Five Reasons I'm Optimistic About the San Diego Chargers Offensive Line

USA TODAY Sports

And now a helping of optimism to wash the taste of yesterday's negativity out of your mouth. Or something. That's an unfortunate summary, but there's no going back. That's how this works. Maybe.

After last season, it's almost difficult to even imagine feeling optimistic about the San Diego Chargers' offensive line. They were just incredibly awful and completely sunk any chances the team might have had to be successful last year. That said, today we turn our attention to the reasons for optimism along the offensive line.

1. Michael Harris will not be asked to start at left tackle

In 2012, the Chargers were forced to start an undrafted free agent rookie at left tackle. Harris played right tackle at UCLA and wasn't highly regarded coming out of school. He was the third string tackle behind both Jared Gaither and Brandyn Dombrowski both of whom were injured for most or all of the season. Harris' weakness as a pass protector forced the coaching staff to provide him with the help that previously would have been provided to Jeromey Clary on the right side. Thus he managed to weaken both sides of the line simultaneously. The team went 7-9 despite this enormous weakness. Knowing that Michael Harris likely won't play any important snaps for the 2013 Chargers is reason for optimism.

2. There are five legitimate starters

Unlike last season, this year's offensive line has real, NFL-quality players slated to start at each spot along the line. The jump in quality from Harris to Max Starks, Jeromey Clary to D.J. Fluker, and Tyronne Green to anyone not named Tyronne Green is simply enormous. While the starting guards aren't yet known, it's because there is an abundance of players capable of starting at offensive guard on the roster. This is quite a change from 2012 when there was one starting caliber guard on the roster. When healthy, the offensive line should be average or possibly better. That's not the most optimistic statement of all time, but I'm personally relieved to know it.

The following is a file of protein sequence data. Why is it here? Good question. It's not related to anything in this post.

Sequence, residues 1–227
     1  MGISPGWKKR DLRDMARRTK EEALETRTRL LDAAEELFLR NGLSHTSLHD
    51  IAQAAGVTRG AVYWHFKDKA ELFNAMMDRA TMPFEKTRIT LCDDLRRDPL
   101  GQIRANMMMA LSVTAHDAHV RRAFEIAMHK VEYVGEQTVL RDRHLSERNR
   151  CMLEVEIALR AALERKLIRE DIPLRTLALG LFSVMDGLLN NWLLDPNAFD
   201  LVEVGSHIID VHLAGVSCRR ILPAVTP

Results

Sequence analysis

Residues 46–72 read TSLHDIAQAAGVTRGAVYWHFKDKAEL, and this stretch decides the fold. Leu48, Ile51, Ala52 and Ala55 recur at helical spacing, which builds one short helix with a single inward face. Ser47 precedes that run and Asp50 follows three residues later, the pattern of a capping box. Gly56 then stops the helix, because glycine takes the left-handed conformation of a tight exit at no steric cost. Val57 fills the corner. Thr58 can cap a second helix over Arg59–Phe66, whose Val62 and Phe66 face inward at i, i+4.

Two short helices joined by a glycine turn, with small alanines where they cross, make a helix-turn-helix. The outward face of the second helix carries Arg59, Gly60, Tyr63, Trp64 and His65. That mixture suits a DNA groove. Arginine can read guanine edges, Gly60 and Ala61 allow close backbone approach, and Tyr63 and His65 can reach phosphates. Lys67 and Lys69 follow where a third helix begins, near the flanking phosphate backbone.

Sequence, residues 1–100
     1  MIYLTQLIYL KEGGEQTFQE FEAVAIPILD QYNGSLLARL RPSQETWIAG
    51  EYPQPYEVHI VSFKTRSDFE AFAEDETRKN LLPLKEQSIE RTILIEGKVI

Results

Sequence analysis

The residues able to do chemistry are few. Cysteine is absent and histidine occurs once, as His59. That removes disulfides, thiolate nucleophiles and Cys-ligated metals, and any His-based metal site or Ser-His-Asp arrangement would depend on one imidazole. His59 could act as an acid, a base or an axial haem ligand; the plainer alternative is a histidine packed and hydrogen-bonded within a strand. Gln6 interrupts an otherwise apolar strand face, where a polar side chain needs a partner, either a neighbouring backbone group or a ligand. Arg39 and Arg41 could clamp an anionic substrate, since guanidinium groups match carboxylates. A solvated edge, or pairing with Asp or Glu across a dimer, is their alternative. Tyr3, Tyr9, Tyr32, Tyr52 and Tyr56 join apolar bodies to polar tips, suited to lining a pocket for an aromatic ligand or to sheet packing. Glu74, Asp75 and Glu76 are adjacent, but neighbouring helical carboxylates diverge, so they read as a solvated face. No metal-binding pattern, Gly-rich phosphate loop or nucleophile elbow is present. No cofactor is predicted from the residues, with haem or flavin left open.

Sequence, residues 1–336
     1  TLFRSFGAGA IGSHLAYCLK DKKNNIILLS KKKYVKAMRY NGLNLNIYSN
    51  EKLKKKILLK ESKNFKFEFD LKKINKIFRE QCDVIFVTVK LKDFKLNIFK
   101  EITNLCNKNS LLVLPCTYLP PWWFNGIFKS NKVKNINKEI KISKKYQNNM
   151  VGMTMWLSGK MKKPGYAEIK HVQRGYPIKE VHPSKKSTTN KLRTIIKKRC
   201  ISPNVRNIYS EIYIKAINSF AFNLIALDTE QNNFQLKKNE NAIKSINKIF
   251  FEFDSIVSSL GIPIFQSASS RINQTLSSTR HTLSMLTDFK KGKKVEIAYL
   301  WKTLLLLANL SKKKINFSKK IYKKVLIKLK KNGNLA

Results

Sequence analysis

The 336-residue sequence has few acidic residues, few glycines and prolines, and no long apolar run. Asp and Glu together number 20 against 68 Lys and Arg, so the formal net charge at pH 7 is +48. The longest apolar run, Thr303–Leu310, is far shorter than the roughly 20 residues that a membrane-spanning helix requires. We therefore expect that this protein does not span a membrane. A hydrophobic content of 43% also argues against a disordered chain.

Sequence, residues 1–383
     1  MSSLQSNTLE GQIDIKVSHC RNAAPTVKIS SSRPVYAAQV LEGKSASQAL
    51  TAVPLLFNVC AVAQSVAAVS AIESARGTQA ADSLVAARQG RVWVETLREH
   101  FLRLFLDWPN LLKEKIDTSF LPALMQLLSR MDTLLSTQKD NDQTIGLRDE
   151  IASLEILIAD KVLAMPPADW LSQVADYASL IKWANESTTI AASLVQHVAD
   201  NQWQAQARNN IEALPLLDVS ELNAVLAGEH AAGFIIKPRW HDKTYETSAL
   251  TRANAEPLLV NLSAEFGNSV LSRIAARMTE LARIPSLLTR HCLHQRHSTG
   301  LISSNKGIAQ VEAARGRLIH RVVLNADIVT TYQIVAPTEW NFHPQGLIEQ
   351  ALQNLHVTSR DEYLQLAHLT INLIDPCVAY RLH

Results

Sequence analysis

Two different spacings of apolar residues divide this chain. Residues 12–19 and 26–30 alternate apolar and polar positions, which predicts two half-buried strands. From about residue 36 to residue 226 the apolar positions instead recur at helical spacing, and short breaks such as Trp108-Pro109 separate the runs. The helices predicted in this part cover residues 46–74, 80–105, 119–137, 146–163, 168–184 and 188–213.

3. There is real depth

Tyronne Green could not make this year's team as a backup if he were still here. Michael Harris may very well not make this year's team as a backup. King Dunlap, Jeromey Clary, David Molk, Chad Rinehart, Colin Baxter, Johnnie Troutman and Rich Ohrnberger are all passable at worst. Some are already proven commodities and others have untapped potential. The line resembles A.J. Smith's stated philosophy of lining guys up three deep and letting them battle it out for snaps. It's too bad Smith had to be fired for that situation to exist along the offensive line.

4. D.J. Fluker looks like a mauler

As I stated after he was drafted, D.J. Fluker makes a lot of sense for the Chargers. The primary reason for that is that he represents a massive, massive upgrade as a run blocker. He's a huge, powerful player that plays with a relentlessness and a mean streak. You can't have enough players like that on your offensive line. He has all of the intangibles you could want in a player, but they're actually coupled with the tangible qualities needed for those to matter. He's playing out of position in the sense that he could plug in at guard right now and be a potential All Pro, but that doesn't mean he can't be an adequate to above average player at right tackle as a rookie and he hasn't hit his ceiling yet. Pro coaching could go a long way.

5. Coach D'Alessandris

"There's none better than Joe D'Alessandris; zero, zilch," said Mark Kelso, a former Buffalo Bills safety. Near as I can tell, Coach D is among the best offensive line coaches in the game. Buffalo, where he coached previously, made a drastic turnaround. They went from being one of the worst lines in the NFL to one of the best in fairly short amount of time. As it happens, the San Diego Chargers were among the worst lines in the NFL and we're all hoping D'Alessandris can repeat the trick he pulled off in Buffalo. His record suggests he can. A fresh take on the o-line isn't the only coaching change that could pay off for that unit, though. The McCoy/Whisenhunt offense will almost certainly feature fewer seven-step drops than the Turner offense did and that will also go a long, long way toward concealing the weaknesses that still exist upfront.

Conclusion (sort of)

After looking at both the positives and negatives for this unit, overall I feel pretty good about the offensive line going into 2013. I should qualify that by explaining that pretty good, for me after 2012, means "close to average." Last year's team would have killed for an average offensive line, and it looks like we'll get to watch one that is very close to that if not much better.

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